Customer Reviews for

The Painted Kiss

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( 6 )
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  • Anonymous

    Posted July 14, 2005

    The Inspiration for Gustav Klimt's Infamous Painting 'THE KISS'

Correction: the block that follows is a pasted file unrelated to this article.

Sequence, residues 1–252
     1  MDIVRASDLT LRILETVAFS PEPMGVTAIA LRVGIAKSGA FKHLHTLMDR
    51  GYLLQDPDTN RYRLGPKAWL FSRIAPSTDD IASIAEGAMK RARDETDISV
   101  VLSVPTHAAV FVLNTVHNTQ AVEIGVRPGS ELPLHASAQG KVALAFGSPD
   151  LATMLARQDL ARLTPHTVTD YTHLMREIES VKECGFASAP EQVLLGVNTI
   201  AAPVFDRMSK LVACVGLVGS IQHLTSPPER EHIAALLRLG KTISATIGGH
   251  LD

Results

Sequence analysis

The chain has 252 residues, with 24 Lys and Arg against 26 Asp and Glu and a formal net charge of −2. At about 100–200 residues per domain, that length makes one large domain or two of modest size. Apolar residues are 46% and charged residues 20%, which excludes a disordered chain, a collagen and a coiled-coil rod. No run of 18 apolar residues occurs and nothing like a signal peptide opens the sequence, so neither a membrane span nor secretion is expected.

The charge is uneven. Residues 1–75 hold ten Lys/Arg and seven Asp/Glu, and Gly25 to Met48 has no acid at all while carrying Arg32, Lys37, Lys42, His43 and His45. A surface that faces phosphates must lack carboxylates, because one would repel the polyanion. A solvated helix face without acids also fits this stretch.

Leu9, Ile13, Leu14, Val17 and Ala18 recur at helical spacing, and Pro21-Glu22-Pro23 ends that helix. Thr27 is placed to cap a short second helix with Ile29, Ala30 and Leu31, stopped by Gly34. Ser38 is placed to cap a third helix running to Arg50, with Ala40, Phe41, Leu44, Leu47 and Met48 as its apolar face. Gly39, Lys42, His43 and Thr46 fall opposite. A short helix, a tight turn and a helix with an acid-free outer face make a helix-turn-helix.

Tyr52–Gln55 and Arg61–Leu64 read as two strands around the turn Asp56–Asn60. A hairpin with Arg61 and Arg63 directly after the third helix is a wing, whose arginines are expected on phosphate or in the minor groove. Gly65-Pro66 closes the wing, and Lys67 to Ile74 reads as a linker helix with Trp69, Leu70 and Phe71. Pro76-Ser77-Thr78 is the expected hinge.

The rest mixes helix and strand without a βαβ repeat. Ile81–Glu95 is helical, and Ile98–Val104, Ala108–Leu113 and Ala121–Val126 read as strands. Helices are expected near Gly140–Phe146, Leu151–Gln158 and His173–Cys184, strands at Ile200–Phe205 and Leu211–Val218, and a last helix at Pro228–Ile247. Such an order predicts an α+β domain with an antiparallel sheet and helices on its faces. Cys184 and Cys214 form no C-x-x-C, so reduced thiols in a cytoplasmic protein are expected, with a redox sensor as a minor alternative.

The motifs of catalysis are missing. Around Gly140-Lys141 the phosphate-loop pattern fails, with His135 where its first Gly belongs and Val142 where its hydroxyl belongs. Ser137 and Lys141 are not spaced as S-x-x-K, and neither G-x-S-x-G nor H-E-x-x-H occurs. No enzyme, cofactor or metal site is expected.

New author Elizabeth Hickey makes an auspicious debut with a novel based on the life of the Viennese fin-de-siècle painter Gustav Klimt as told through the eyes and memories of fashion artist Emilie Flöge. A big chunk of history from which to sift a novel - the time of such greats as Gustav Mahler, Sigmund Freud, Egon Schiele, Oscar Kokoschka, Arnold Schönberg, Wittgenstein, etc, etc - Hickey freely admits 'The aim of historical fiction is not to render the past exactly as it happened - an impossible task - but to imagine it as it might have been', and in so stating she covers her bases for any quibbles that might arise from her readers whose depth of knowledge in art history, music history, and indeed the entire Secessionist Movement might have. Higgins has created a very readable story based on fact, and the result is a work by a writer of great promise.Emilie Flöge is introduced as a young girl, a people watcher from her middle class Viennese home, a girl who disdains the thought of pursing a career as a secretary or other 'sensible' occupation but at the same time is unsure where she wants her life to go: 'I'm the one who is always wishing for something else, something I can't have, something there's no point in missing.' The time is the infamous fin-de-siècle and Emilie is gradually introduced to a youngish painter Gustav Klimt who accepts her as a student of drawing. Klimt is a lothario, mixing his long hours before his exotic canvases with affairs with his low-class models, with any woman who will consent, and with wealthy women such as Alma Schindler and Adele Bloch-Bauer.Klimt is drawn to Emilie's unique personality and begins a long 'affaire de coeur' while encouraging Emilie to follow her own dream of becoming a fashion designer. The Secessionist Movement is Klimt's brainchild and part of this new thinking in art includes new looks in fashion, a portion of the movement Emilie directs with her sister Helen known as Schwestern Flöge. Art shows are held and emphasize Klimt's work and their careers surge. The Vienna of the Austro-Hungarian Empire crumbles with WW I and with that demise much of the artistic life of Vienna falls, too. Klimt eventually paints Emilie and creates 'The Kiss' which was intended to have Emilie and Gustav as models, but in a last moment of wanting to preserve Emilie's reputation he alters. Klimt's health fails and he dies. WW II soon thunders over Vienna and Emilie and her sister flee to their old summer refuge Kammer am Attersee: Emilie's only remnants of her involvement with Klimt and indeed her presence in the Secessionist Movement are treasured drawings including the original drawing for 'The Kiss'.A lot of territory to cover in a novel, this, but Elizabeth Hickey keeps it terse and well propelled, making all of the omissions of the times excusable. There are moments when she dwells too long on inconsequential information about sewing and cloth and the sorts of things only a seamstress would care to know, but when she focuses on painting descriptions she excels: many of the more important paintings by Klimt are set apart from the flow of the novel by a page or two of italicized information about the model of that work and the process involved. She does manage to bring into her narrative bits of information about Gustav Mahler and Egon Schiele that could have benefited by expansion. But these are all hindsight thoughts after reading what is essentially a fine first novel by a well-informed, fluid author. And for once the cover jacket of the book is an elegant full-color reproduction of a painting by Klimt, complete with the sense of gold leaf and patterned fantasy that begs the reader to open the book! Grady Harp